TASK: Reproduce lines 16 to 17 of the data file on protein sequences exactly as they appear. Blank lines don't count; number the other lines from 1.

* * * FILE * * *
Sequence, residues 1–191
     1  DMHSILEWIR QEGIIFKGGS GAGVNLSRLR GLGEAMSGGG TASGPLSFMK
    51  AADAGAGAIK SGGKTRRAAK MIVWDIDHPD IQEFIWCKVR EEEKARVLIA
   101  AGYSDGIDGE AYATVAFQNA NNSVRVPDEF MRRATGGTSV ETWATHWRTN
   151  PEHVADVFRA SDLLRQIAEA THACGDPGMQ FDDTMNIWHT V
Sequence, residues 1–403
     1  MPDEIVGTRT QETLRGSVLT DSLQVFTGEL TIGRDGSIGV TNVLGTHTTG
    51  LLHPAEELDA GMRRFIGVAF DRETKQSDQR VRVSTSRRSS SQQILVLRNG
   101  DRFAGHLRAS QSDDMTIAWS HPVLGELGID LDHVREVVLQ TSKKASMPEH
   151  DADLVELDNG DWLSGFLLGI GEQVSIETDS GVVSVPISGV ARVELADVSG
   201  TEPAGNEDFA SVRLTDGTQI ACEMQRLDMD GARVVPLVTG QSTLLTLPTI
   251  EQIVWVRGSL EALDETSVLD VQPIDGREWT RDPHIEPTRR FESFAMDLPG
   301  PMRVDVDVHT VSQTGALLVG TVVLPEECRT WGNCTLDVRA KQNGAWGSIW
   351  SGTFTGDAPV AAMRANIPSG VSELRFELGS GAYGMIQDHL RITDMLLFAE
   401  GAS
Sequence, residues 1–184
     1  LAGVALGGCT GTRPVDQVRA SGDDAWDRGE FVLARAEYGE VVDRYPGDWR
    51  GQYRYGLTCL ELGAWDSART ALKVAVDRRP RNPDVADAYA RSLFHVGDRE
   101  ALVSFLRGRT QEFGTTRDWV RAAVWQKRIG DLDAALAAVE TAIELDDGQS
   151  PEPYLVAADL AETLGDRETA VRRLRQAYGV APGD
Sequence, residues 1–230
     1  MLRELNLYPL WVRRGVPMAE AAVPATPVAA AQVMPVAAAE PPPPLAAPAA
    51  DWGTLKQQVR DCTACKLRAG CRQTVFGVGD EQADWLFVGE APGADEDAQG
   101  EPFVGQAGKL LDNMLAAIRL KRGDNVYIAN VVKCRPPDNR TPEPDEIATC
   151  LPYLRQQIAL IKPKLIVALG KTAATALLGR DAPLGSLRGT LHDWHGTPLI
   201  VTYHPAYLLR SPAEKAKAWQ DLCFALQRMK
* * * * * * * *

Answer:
Sequence, residues 1–184
     1  LAGVALGGCT GTRPVDQVRA SGDDAWDRGE FVLARAEYGE VVDRYPGDWR